Loveland’s cultural scene now has something in common with much bigger cities like Chicago and New York -- an Artspace facility.
Minneapolis-based nonprofit group Artspace helped develop the new Loveland facility, which has 30 affordable live and work units for artists and their families. Each space is already booked and the wait list has more than 100 names.
Inspired by Artspace, Colorado officials announced Monday that they're taking the concept to eight mountain and rural regions. They say it’s the first time a state has launched an initiative like this.
Gov. Hickenlooper hopes the Space to Create Colorado program will help drive economic growth.
“To be blunt, Denver, Boulder and Fort Collins don’t need that much help,” he said. “The more rural parts of the state are still struggling, so we want to try and put energy into those communities and try and make sure their economy gets a lift as well.”
The state program’s first location will be Trinidad. Officials say they’ll pick a specific site later this year. They hope to complete all nine projects in eight years, with an average cost estimated at $5 million each.
“We’re trying to find ways that we can create long-term housing solutions for artists who don’t make very much money without having them get pushed from one place to another,” Hickenlooper said. “The more you can get creative energy into a community, that energy helps the entire business climate.”
Each state-led project will be unique, says Margaret Hunt, director of Colorado Creative Industries -- the state's arts agency. And projects will be uniquely funded based on the commitment and assets of that region and community.
Filmmaker Caryn Sanchez is one of the first residents at Loveland's Artspace and she says the setting inspires her.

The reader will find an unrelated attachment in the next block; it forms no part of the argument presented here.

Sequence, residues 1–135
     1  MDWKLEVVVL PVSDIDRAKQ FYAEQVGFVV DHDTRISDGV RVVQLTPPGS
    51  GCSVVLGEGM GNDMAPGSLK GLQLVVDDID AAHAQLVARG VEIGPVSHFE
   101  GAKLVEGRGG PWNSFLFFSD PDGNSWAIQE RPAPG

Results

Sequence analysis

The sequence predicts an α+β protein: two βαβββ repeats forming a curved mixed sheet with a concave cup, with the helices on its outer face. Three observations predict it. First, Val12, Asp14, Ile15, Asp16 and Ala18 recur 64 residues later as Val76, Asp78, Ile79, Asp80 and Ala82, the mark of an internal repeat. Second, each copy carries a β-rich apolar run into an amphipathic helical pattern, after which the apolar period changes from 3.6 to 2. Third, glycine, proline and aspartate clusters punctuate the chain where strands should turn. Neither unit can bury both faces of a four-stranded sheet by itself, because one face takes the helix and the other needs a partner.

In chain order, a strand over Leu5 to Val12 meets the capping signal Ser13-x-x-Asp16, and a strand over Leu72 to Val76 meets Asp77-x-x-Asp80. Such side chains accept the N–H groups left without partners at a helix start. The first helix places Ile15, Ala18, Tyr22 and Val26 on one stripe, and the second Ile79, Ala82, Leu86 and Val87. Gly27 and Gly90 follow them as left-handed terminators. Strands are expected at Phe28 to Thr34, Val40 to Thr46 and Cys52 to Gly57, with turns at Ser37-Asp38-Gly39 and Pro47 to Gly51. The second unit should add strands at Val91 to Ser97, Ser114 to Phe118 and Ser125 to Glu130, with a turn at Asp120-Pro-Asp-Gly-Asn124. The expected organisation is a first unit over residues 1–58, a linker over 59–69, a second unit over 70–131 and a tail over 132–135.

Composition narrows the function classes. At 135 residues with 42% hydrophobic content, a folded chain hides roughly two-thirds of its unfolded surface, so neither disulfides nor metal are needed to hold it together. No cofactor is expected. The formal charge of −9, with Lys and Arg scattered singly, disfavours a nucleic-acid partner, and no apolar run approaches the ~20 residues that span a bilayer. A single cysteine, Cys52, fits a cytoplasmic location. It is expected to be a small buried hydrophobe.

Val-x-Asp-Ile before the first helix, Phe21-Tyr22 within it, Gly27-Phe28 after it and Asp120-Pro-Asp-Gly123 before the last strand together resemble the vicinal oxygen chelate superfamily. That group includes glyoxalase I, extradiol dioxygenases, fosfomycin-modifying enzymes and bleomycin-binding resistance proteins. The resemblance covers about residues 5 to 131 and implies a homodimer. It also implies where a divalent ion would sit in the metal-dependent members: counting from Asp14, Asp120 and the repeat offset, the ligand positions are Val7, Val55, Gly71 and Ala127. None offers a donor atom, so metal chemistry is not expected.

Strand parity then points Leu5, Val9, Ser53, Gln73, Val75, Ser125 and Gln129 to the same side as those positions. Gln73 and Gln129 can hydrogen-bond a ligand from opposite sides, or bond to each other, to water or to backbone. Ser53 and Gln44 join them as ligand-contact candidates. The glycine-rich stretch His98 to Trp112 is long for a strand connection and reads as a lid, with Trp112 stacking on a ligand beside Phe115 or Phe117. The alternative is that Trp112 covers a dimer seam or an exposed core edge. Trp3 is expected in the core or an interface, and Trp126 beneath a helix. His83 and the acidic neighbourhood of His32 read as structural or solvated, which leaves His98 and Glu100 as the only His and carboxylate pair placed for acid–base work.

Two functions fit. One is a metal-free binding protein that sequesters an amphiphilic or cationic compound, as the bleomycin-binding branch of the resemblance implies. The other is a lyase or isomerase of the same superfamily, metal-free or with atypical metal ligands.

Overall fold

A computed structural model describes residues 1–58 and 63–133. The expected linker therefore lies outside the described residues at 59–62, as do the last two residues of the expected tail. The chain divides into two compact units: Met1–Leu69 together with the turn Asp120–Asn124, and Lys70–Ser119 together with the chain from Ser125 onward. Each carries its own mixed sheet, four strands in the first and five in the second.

“What’s wonderful about this is I’m living in a building where what I do is acceptable,” she said. "It feels like everyone around me is doing something, and it’s wonderful motivation.”
A few years ago, Sanchez returned to Colorado from Los Angeles. Then she left Denver for her hometown -- Berthoud, Colorado -- to move back in with her parents so she could keep her dream of filmmaking alive. Now she has her own space.
“Because it’s affordable, it means I can be a filmmaker full time,” Sanchez says. “I don’t have to have like three other jobs or anything like that.”
The residential development abuts a former feed and grain building that is expected to be renovated to house creative businesses and organizations as part of the campus.
Artspace also plans to develop projects in Denver and Lakewood. The organization has completed nearly 40 sites across the country, from Seattle to Washington, D.C. The list also includes cities the size of Loveland with its population of more than 71,000.
“There’s a lot of small towns that we’ve worked in that are really passionate about creative people and having a creative vibe, particularly in their downtown,” ArtSpace Senior Vice President Wendy Holmes says. “And it’s something that’s often missing.”
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